Thursday, April 16, 2015

Bone Washing 2558 (2015)

A Monk Washes the Bones of Duang's Father
Yesterday, 15 April, I drove out to Tahsang Village to participate with Duang's family in the special Songkran.  Duang had spent the previous night at the village rather than driving back home at a late hour. The Songkran holiday is a very dangerous time on our roads - the most dangerous time in the the country ranked number 2 in the world for highway deaths. Thailand has 44 traffic fatalities per 100,000 population only outranked by Namibia with 45/100,000.  It seems that it is during Songkran that Thailand tries hardest to become #1.

I arrived at Wat Pha That Nong Mat at 7:00 A.M..  The bone washing ritual was scheduled to be performed before the daily ritual of offering food to the Monks.  Bone washing rituals can be performed outside in front of the Tat or inside the Wat's Ubsoth (Ordination Hall).  Duang opted to have the ritual in front of the family Tat located along the Wat's perimeter wall.

I remained at the Wat while Duang stayed in the village organizing the family and completing final arrangements.  As it turned out the bone washing ritual for her father was not performed until approximately 11:00 A.M.  This was not that bad of a delay for me - other families associated with the Wat conducted bone washing rituals for their relatives before and after the daily merit making ritual of offering food to Monks.

Sahts were placed on the ground in front of the Tat.  An additional saht was placed upon the tiled slab of the Tat where the three Monks would be seated for the ritual. This year the four village boys who had become semanens (Novice Monks) for their school break, participated in the Veeboonkun family ritual. The "Nens" sat on a saht placed on the ground next to the Tat.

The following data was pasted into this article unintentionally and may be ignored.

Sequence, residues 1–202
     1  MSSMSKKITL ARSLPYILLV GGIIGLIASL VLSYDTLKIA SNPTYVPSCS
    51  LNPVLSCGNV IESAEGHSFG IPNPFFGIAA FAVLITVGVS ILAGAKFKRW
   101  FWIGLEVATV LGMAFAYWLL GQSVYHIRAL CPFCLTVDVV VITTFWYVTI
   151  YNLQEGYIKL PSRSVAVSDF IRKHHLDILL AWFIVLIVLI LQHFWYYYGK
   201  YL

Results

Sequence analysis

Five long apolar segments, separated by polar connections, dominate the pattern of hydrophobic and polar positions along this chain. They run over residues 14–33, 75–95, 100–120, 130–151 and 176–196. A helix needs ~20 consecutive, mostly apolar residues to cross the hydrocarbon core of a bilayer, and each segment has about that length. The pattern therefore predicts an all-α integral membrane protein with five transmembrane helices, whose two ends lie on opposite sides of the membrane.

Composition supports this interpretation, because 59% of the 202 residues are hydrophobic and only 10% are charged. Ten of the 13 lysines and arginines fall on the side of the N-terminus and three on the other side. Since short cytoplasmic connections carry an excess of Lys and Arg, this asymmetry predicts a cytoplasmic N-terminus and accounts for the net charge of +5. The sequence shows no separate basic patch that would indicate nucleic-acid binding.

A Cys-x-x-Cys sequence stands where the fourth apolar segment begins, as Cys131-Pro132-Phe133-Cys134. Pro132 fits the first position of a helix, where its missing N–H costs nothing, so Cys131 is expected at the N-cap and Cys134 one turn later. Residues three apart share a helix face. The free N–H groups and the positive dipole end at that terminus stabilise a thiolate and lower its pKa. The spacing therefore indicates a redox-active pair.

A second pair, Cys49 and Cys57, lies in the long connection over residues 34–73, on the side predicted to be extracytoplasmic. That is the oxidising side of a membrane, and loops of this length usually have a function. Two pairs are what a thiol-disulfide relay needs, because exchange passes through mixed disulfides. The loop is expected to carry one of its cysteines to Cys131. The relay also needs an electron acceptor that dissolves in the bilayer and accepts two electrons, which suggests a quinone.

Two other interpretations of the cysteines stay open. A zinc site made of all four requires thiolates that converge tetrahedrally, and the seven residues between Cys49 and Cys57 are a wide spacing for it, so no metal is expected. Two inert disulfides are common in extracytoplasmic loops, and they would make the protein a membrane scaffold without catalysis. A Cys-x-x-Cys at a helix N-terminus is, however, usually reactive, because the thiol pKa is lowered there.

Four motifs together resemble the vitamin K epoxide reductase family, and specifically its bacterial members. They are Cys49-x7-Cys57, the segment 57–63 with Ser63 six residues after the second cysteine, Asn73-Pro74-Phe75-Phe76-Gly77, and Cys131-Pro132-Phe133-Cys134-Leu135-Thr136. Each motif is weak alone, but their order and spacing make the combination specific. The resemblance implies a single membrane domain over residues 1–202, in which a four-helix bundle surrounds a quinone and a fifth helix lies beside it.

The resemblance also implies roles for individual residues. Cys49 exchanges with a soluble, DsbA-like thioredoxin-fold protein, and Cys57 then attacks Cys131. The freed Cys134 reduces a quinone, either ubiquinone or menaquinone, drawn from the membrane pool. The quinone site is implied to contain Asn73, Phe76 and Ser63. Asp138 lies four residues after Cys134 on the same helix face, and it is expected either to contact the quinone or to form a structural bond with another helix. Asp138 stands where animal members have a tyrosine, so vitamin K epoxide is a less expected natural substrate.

Two containers of specially prepared water to be used in the ritual.  The water was prepared by filling the containers with water along with flowers.

A decorative porcelain urn, ghoat, containing the bone fragments was placed in an ordinary porcelain bowl along with a plastic drinking cup placed to the side.  A decorative metal serving tray was prepared with small portions of food offerings, two yellow birthday type wax candles, two sprigs of jasmine buds for offering to Duang's father's spirit.

The Brahman who took over duties when Duang's Uncle was no longer able to lead the laypeople in rituals supervised and lead the family in the ritual.  Water was drawn out of the large container with the plastic drinking cup.  The scented water was first poured by the Monks, including the Nens over the bone fragments contained in the ghoat.

Duang Pours Water Over Her Father's Bones
After the Monks had sprinkled the bones, the bowl was placed in front of the immediate family.  Each family member repeated the water poureding.  When they had completed, other family members and others came up to the tray and poured water.  The ritual was not limited to adults.

Our six month old grandson, Pope, was experiencing his first Songkran.

Pope was very interested in the ritual.  Children here in Isaan are taught manners and religion at a very young age.  Pope was no exception.  He was lead by her mother's hand and poured water over the bones of his great grandfather.